What we say, what we want, what we do

As Elder Joe puts it, “Some people say you gotta tear it down to fix it. Some people say you gotta build it up to fix it. Some people say they don’t know how to fix it. Some people say they don’t want to be bothered with fixing it. You mix them all in a pot and stir it up and you got America.”

Gentrification, incarceration, education, housing, safety, poverty, brutality, economics—and money, power, positioning, pandering—it’s all there in the world of Radio Golf, just like it is in Philadelphia.

So what do WE do? What do WE do when there are contradictions between what candidates say they’ll do and what actually gets done? And contradictions in what WE say we want and the world WE have collectively created?

Do WE fail our politicians, and even worse, fail ourselves, fail our futures, by not learning to practice accountability? What does accountability even look like? And as we take a look at the candidates in Philadelphia, like Harmond, raising money and making promises for the future, I’m reminded that we must NOT, as you instruct in the play, Mr. Wilson, “take no wooden nickels.”

The three actors look at and discuss something offstage with different expressions, standing in a large, dilapidated office.
From left: Zuhairah, Kesserack Kemnew, and Phillip Brown in the Arden’s ‘Radio Golf.’ (Photo by Wide Eyed Studios.)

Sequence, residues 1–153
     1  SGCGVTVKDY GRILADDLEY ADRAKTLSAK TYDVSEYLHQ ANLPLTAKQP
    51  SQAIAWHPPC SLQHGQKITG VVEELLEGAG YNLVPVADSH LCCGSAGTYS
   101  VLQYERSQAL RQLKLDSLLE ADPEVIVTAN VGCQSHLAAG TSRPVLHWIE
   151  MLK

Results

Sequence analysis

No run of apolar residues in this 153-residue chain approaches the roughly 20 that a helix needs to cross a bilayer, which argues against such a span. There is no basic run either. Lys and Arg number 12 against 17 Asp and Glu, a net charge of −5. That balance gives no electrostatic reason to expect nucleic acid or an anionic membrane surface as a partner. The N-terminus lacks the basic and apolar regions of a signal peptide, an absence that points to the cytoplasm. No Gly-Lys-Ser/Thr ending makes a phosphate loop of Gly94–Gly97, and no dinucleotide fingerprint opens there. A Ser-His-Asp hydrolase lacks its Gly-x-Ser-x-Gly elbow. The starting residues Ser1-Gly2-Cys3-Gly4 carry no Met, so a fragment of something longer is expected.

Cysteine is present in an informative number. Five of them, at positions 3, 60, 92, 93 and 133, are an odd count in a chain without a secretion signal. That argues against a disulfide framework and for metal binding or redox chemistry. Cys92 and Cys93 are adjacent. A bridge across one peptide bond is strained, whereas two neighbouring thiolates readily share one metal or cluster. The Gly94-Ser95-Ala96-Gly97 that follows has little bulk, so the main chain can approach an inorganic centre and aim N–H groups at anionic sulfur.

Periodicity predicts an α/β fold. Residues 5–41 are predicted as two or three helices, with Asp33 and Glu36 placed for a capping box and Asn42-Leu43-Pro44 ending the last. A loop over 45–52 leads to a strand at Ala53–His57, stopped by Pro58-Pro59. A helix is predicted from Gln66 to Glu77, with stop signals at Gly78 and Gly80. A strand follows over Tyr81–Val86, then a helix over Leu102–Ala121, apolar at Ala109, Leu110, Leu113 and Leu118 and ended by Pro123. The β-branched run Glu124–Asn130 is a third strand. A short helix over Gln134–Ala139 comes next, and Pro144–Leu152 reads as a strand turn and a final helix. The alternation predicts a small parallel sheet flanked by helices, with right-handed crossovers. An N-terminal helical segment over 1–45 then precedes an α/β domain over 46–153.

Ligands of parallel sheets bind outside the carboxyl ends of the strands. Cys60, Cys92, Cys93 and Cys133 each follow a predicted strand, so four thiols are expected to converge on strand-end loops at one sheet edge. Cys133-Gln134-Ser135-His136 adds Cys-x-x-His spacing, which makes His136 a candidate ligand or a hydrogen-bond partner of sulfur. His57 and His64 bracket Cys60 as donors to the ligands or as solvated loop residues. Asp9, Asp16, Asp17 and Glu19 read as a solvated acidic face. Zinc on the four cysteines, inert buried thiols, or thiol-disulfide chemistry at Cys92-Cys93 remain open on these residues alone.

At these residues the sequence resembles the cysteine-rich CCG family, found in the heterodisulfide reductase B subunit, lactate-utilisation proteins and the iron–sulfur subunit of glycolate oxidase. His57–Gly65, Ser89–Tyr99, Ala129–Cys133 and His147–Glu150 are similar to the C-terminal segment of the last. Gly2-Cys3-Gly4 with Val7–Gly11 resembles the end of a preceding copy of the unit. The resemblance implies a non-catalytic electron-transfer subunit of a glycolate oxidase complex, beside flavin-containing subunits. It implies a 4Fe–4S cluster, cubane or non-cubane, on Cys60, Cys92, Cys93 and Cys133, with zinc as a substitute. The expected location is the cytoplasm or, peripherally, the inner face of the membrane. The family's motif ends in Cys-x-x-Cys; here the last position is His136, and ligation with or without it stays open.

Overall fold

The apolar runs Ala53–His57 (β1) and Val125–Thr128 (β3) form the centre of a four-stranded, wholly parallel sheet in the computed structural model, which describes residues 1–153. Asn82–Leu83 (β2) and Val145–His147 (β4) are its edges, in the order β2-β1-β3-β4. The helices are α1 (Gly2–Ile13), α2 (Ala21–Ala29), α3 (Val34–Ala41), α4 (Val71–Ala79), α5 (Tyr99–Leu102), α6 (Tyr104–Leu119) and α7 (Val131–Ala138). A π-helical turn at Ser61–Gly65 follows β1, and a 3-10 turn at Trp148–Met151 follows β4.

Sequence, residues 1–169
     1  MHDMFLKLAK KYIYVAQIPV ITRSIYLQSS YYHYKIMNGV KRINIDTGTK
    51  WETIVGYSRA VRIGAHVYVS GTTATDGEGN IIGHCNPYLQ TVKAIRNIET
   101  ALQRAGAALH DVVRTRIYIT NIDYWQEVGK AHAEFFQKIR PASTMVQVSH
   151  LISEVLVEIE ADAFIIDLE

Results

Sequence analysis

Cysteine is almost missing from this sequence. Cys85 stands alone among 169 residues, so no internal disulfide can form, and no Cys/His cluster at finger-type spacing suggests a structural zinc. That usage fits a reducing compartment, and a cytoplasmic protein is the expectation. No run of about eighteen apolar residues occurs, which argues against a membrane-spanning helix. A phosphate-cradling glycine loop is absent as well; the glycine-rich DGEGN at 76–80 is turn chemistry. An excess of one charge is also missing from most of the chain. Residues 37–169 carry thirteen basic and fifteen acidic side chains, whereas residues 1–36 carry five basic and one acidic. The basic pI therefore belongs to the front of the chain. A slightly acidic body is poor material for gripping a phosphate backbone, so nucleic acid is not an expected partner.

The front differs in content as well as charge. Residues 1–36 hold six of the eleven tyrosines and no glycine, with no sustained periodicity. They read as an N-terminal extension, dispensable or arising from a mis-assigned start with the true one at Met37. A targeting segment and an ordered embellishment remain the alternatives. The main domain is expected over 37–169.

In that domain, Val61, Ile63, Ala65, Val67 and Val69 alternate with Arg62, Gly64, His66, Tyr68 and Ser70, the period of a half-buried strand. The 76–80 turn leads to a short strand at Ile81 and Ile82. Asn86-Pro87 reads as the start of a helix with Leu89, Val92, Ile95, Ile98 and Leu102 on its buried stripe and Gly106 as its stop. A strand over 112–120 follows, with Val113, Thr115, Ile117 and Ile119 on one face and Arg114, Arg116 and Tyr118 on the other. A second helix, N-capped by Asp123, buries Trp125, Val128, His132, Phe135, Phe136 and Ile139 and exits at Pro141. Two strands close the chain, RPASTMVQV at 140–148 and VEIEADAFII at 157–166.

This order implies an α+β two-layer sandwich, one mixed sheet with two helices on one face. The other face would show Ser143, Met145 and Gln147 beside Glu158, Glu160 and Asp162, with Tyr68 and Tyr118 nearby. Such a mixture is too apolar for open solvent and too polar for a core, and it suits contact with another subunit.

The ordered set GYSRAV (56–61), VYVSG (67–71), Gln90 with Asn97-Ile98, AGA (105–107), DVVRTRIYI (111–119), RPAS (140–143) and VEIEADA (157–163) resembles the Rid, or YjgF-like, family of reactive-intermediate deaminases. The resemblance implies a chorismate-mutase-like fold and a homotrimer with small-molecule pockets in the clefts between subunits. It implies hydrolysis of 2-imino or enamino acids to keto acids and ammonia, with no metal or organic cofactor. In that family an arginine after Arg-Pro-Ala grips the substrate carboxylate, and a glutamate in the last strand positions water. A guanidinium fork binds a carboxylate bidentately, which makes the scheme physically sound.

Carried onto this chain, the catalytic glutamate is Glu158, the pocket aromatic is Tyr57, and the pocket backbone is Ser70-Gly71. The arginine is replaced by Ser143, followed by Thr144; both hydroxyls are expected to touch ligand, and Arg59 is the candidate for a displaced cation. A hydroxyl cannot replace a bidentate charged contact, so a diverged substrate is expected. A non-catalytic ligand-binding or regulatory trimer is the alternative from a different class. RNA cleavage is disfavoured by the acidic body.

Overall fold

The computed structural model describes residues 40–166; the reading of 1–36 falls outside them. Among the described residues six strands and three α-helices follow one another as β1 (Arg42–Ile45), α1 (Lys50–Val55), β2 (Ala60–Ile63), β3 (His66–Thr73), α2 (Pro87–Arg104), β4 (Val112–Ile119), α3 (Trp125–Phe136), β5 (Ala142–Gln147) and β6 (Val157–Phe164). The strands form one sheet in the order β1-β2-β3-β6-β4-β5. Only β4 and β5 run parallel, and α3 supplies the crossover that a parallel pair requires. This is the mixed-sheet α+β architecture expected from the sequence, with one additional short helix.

My two cents? An election is a silly thing to waste millions on anyway—mudslinging TV ads, stacks of fliers that end up in trash heaps—when, if you put those resources behind grassroots efforts addressing gentrification, incarceration, education, housing, safety, poverty, brutality, and/or economics, you are literally out in the streets, people know who you are, and see you, and then we vote for you. No? Yes!

Now imagine, Mr. Wilson, if the millions raised for campaigning went toward a more useful cause, like theaters as gathering spaces where everyday folks assemble to connect their efforts on gentrification, incarceration, housing, safety, poverty, brutality, education, and economics TOGETHER. Feel me?

For the record

Mr. Wilson, this right-on-time production of Radio Golf asks, have we become aces at playing somebody else’s game? Is Tiger Woods goals? And if Tiger ain’t goals, who is? August Wilson, perhaps?

“I just want to say for the record: you are our king. And your work is so thrilling and delicious and dazzling and funny,” Pulitzer Prize-winning playwright Suzan-Lori Parks said to you in your final public interview in 2005. Her heart and mind clouded with sadness because the media had just announced you had terminal liver cancer and would likely die as Radio Golf headed to the stage.

“Thank you,” you said with the cool confidence of a poet, before answering the biggest question of the production: “How do we hold them to it?”

Who is THEM?

You said, “Well, it’s the community. You can’t survive by yourself … In order to survive you need a community of people who can support you. And we’ve always been those people that rise up in the face of adversity.”

I hope folks rise up and head to the Arden to grapple with the questions of Radio Golf—because although this play is about a game, it ain’t all fun and games in Philadelphia. Feel me?


Jeannine A. Cook

What, When, Where

Radio Golf. By August Wilson, directed by Kash Goins. $28-$58. Through April 16, 2023, at Arden Theatre Company, 40 North 2nd Street, Philadelphia. (215) 922-1122 or


Arden Theatre is a wheelchair-accessible venue. There will be an audio-described and captioned performance on Friday, April 7, at 8pm, and Saturday, April 8, at 2pm.

Masks not required.